Canada primed for cloud computing: Gartner
A Gartner analyst thinks Canada's natural resources and cooler temperature can help it take advantage of the growing cloud computing trend to provide services and Web applications.
He thinks the country's years of investment in hydro electric power facilities and ambient temperatures will enable data centres to be powered and subsequently cooled. And, he said, the concerns around power and cooling are only getting bigger as Web content grows with video sharing sites like YouTube. Therefore, the country can take its hydro electric infrastructure
to "another level" and extend it to the Web, said Hewitt.
Also facilitating green data center growth is the emergence of server technology like blades and mobile data centres in shipping containers, he noted.
The opportunity, said Hewitt, lies in the federal and provincial governments encouraging Canadian businesses to build data centres in areas where hydro electric power abounds and facilities can be cooled naturally with ambient air.
There's an economic advantage to this. Often, people tend to look to places like Iceland to build data centres that can grant adequate power and cooling, said Hewitt, but distance is a hurdle when undersea fiber cables need to be built. Canada can target the U.S., given its close proximity, as a "potentially large customer," said Hewitt.
Such partnerships with U.S.-based companies, he said, can help grow Canada's infrastructure, job market, and ultimately, its knowledge base around cloud-based computing infrastructure.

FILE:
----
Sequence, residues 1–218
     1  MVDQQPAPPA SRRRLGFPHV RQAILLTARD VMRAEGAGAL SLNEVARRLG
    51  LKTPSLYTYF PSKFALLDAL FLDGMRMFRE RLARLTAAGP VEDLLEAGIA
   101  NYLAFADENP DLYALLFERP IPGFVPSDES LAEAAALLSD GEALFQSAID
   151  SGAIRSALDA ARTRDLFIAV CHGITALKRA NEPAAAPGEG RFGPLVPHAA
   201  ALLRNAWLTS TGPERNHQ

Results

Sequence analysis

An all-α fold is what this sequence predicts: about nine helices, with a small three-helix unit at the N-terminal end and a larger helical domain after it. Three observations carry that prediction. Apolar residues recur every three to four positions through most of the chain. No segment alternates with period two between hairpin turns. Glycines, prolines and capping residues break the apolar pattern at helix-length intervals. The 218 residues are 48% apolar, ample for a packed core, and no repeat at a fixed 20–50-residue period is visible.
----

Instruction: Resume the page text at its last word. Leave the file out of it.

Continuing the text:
Mountain View, Calif.-based Google Inc. has been growing its Web-based services primarily through search and content, but Hewitt believes there is the potential for other applications and services on the cloud. And what is more, the server market is going to grow regardless.
Hewitt doesn't anticipate fuelling data centees with natural resources will be a difficult concept for businesses to grasp. The country's investment in building out hydro electric facilities has been well received, and "I see that as a really good sign."
"Those kinds of initiatives take time and effort," said Hewitt, referring to initiatives in Brazil to build a fuel-independent infrastructure that today doesn't require the import of fossil fuels.
Governments, he said, can play a role and really drive such initiatives. "In the long run, [Canada] can build out a significant set of advantages in providing these services and offering a base for this kind of activity."